This form of trichinosis is characterized by a diverse, severe, often with poor prognosis, organ and systemic pathology.
Often there is a cardiovascular pathology, which is manifested by hypotension, tachycardia and rhythm disturbance. There is a muffling of heart sounds, signs of heart failure – a picture of myocarditis. The ECG in almost all patients shows diffuse changes in the myocardium, coronary disorders with the development of circulatory failure.
Respiratory organs suffer: bronchitis with an asthmatic component, focal bronchopneumonia with a volatile nature of infiltrates and other disorders are detected in such patients quite often.
One of the options for the severe course of trichinosis is abdominal syndrome, in which, against the background of fever and other manifestations of the disease, abdominal pain, nausea, vomiting, loose stool with mucous-bloody impurities occur. Ulcerative necrotic lesions of the stomach and intestines with perforation and bleeding can cause death. Dystrophic disorders of the liver are benign in nature, they pass without a trace with corrective therapy. Renal function, as a rule, is not impaired, proteinuria and cylindruria are detected as a reaction to fever.
Often there are symptoms of damage to the central nervous system, characteristic of meningoencephalitis, encephalomyelitis. Patients are disturbed by severe headaches, insomnia, in severe cases, delirium, convulsions, mental disorders, epileptic seizures.
Organ and systemic lesions can cause death. The main cause of death in trichinosis is acute allergic myocarditis. In these cases. The patient suddenly has bouts of acute cardiac abnormalities with tachycardia, arrhythmia, hypotension, and the ECG reflects diffuse myocardial damage and coronary pathology.
In second place among the causes of mortality in trichinosis is pneumonia, sometimes accompanied by asthmatic bronchitis, pleurisy. Infiltrates are resistant to antibiotics, but quickly disappear when glucocorticoid hormones are prescribed.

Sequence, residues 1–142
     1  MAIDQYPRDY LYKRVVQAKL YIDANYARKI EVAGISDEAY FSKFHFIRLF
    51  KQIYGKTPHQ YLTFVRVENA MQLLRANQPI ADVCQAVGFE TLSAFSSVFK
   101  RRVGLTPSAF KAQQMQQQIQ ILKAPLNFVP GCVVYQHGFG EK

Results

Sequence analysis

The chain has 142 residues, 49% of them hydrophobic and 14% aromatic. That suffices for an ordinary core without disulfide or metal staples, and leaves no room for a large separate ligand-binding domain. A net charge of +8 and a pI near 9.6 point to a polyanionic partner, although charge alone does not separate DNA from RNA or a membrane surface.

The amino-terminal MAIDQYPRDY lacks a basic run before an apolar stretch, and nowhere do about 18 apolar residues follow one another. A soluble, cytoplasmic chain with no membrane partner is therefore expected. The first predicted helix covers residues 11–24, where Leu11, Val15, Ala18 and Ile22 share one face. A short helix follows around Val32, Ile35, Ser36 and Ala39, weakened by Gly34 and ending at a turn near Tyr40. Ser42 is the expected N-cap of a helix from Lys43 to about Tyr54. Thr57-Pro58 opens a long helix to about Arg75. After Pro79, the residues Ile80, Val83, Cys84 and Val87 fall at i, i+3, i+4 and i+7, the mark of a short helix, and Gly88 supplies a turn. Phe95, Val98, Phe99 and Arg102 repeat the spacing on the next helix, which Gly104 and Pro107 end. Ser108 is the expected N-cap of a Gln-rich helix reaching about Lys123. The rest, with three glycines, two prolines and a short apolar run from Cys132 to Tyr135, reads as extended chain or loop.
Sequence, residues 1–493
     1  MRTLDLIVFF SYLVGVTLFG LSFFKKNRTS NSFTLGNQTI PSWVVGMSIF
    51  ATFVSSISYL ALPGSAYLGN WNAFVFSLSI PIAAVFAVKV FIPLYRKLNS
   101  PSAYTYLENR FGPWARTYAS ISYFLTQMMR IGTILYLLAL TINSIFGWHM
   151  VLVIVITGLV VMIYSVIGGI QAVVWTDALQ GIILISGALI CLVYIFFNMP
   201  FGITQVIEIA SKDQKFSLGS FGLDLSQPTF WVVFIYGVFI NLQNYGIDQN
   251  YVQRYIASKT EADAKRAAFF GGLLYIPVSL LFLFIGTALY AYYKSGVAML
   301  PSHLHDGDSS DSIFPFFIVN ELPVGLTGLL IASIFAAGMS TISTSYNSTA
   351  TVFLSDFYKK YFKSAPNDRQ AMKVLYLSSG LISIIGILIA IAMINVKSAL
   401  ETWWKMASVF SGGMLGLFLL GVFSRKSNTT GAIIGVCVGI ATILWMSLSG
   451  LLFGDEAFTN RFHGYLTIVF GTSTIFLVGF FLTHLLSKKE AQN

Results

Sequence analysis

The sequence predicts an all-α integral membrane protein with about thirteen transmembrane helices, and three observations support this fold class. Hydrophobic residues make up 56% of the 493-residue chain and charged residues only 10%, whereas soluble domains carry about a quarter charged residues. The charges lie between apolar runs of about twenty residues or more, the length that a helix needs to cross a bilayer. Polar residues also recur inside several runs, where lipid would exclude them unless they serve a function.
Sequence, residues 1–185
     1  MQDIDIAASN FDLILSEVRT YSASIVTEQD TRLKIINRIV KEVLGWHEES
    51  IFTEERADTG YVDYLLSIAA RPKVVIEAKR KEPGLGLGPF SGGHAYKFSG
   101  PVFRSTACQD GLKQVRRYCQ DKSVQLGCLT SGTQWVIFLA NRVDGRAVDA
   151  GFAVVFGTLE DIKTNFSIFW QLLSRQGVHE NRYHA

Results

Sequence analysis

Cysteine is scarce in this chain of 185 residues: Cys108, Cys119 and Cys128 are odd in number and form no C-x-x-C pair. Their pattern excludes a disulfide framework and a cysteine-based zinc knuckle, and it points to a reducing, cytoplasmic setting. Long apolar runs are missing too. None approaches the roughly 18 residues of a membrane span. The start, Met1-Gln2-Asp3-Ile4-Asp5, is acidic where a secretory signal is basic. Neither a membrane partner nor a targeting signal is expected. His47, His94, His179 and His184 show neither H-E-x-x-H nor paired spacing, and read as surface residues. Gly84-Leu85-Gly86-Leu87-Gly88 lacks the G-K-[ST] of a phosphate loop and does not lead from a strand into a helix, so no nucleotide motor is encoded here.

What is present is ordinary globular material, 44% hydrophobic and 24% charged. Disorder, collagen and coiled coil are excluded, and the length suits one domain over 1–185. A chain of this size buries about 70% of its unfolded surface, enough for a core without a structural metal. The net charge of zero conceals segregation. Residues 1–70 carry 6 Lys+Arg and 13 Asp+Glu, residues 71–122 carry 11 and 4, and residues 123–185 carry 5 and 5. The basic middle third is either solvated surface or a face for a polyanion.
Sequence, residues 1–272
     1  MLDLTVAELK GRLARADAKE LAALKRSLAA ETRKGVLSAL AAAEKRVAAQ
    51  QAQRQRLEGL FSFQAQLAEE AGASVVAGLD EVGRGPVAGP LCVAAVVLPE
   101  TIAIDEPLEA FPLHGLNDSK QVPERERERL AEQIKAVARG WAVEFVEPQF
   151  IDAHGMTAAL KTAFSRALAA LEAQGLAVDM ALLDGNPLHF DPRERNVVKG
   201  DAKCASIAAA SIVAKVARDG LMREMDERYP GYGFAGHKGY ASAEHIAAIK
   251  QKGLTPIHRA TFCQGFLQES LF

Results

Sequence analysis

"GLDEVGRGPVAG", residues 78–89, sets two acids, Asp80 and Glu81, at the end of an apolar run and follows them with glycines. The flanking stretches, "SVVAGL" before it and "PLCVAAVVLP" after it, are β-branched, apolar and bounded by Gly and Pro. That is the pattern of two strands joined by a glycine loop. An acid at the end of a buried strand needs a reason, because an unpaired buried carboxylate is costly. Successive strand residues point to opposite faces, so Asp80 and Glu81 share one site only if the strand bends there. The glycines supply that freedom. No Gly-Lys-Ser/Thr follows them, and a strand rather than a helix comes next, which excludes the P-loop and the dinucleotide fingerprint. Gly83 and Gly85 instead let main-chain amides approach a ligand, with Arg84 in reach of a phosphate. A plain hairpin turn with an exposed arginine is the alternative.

A terrible complication, occupying the third place among the causes of death of patients with trichinosis, is the defeat of the central nervous system. This complication, like pulmonary syndrome, is more common in men. Psychoses, severe hysteria, epileptiform seizures, paresis and paralysis indicate deep diffuse focal lesions of the brain and spinal cord associated with the development of nonspecific vasculitis, less often with thrombosis of large vessels.
In some patients, phlebitis, thrombosis of limb vessels occur as a result of hemostatic disorders, coagulation system, intravascular coagulation.
Organ lesions often develop at the 3-4th, less often at 2-5th weeks after infection.
Characteristic is a decrease in the content of albumin, an increase in the level of alpha2 and gamma globulins, and the content of total protein in severe cases drops to 45-35 g / l. Indicators of sedimentary samples are changing. The activity of aldolase (F-1, 6-F) sharply increases, up to 40-80 Е, the level of cholinesterase.
Eosinophilia reaches 25-40% against the background of leukocytosis. However, with very severe forms in the terminal period, it sharply decreases to aneosinophilia. Severe course of trichinosis is recorded in 10-30% of those infected in each outbreak.